Ezell’s Fish Camp is a journey through time, with silent puppies


Ezell’s Fish Camp would be easy to miss if you’re not careful. On Alabama Highway 10, once you cross the Nanafalia Bridge over the Tombigbee River from Marengo County to Choctaw County, you take the first road on the right, which makes a bend and takes you along the river to ‘to a parking lot. Ezell is the rambling structure with the tin roof.

You’re pretty much in the middle of nowhere, but you’ve arrived at a wonderful place where the location, historic building, and friendly waiters make you feel like you’ve stepped back in time.

Mary Ann Ezell Hall is in one of the two original rooms that once made up the dogtrot hut where she lived until the age of five. With rough log walls and a blazing fire in the fireplace even though it’s 64 degrees outside, the cozy dining room is her favorite spot. “I love it,” she said.

The hut was used as a trading post during the Civil War before Mary Ann’s grandfather Charles Agnew Ezell bought it and took a ferry across the river days before a bridge was built. His son, CA Ezell, lived in the cabin and worked as a commercial fisherman on the river. Soon his family outgrown the cabin, but CA continued to operate it as a hunting and fishing club.

The place was known for backyard fish fries, where catfish and hush puppies sold for 50 cents a plate. In the 1930s, it turned into a restaurant. Mary Ann took over Ezell’s Fish Camp from her father almost 40 years ago. Today, his son Agnew helps him manage it.

Over the years, Ezell’s got bigger – the back porch was closed, two party rooms were added (the poplar and the cypress, named after the paneling) and a patio was built – but didn’t have much. exchange. Customers “expect to see the same deer heads or the same images,” says Mary Ann. “We are not moving. If you do, you’re in trouble.

They don’t change the menu often either. Customers expect fresh fried catfish fillets, crispy, melt-in-the-mouth puppies, and a crunchy, sweet coleslaw, accompanied by tall glasses of tea. Other popular dishes include fried dill pickles, shrimp and oysters, rib eye steaks, and burgers served with homemade fries.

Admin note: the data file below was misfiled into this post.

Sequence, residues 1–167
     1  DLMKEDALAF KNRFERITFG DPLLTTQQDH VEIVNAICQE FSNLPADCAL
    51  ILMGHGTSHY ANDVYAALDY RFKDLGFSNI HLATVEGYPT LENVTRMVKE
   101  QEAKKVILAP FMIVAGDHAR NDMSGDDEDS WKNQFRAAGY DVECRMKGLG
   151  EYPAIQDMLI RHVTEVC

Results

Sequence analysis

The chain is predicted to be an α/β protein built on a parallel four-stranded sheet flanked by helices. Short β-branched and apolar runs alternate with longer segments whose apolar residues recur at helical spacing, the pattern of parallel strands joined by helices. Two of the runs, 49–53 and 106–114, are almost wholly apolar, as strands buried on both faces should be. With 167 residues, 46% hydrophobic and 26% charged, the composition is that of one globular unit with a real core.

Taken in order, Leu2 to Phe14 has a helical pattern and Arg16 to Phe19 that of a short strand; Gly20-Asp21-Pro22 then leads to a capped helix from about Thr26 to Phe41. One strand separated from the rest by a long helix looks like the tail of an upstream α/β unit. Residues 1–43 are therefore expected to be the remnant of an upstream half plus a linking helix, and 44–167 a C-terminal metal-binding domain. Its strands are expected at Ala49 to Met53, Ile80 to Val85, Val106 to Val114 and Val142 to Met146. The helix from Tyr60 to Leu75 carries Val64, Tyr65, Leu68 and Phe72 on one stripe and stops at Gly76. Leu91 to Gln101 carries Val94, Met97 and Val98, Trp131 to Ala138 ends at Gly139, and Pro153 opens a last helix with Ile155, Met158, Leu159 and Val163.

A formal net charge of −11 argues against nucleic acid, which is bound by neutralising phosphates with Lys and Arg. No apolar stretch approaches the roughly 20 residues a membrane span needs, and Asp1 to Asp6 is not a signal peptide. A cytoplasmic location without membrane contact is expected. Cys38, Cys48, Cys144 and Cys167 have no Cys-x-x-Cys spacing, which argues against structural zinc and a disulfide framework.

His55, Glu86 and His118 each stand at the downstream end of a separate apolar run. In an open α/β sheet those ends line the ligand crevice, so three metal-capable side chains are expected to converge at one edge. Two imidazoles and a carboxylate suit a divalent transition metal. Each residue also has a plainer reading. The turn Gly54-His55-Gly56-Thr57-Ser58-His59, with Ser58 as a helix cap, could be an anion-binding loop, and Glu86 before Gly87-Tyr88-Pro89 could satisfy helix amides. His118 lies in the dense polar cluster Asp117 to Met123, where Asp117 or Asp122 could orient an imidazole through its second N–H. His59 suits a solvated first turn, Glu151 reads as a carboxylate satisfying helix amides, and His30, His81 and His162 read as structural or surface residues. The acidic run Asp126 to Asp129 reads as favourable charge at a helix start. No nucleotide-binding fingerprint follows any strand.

While Mary Ann ran the first Ezell’s Fish Camp, her brothers Charles and Joe opened several Ezell’s Catfish Cabin restaurants in other states. Today, Catfish Cabin locations remain in Memphis, Tenn., Monroe, Louisiana, Columbus, Ga., And Phenix City, Ala.

Lavaca’s original restaurant can seat 300 people, making it a popular spot for post-rehearsal dinners, family reunions, and other special occasions. “It’s pretty much a destination,” says Mary Ann.

During the hunting season, she says, there is “a sea of ​​camouflage” in the dining rooms. Bikers love it too – on New Years Day, she says, some 400 bikers gathered there from across the state for black-eyed peas and green vegetables.

Due to its proximity to the river, flooding has closed the restaurant several times. A dike has avoided this problem. “The building, for me, is worth saving because you cannot replace it,” she said.

You also can’t replace Mary Perry, who has served there for 47 years. “People come in the door looking for Miss Mary,” says Mary Ann.

She will be 85 this year, but Miss Mary says she would much rather work in a restaurant than stay home and do nothing. “You never know who is going to come each day,” she said. “There is always something different.

She is now expecting the fourth and fifth generations of some families. “It’s so important to talk to people, to remember children and grandchildren, to talk about illnesses and births in the family,” says Miss Mary. “It really and truly is a family restaurant.”

Ezell’s Fish Camp is located at 776 Ezell Road in Lavaca, Ala. The phone number is (205) 654-2205. Ezell’s is closed Mondays and Tuesdays. Hours are Wednesday, Thursday and Sunday from 11 a.m. to 8 p.m., and Friday and Saturday from 11 a.m. to 9 p.m.


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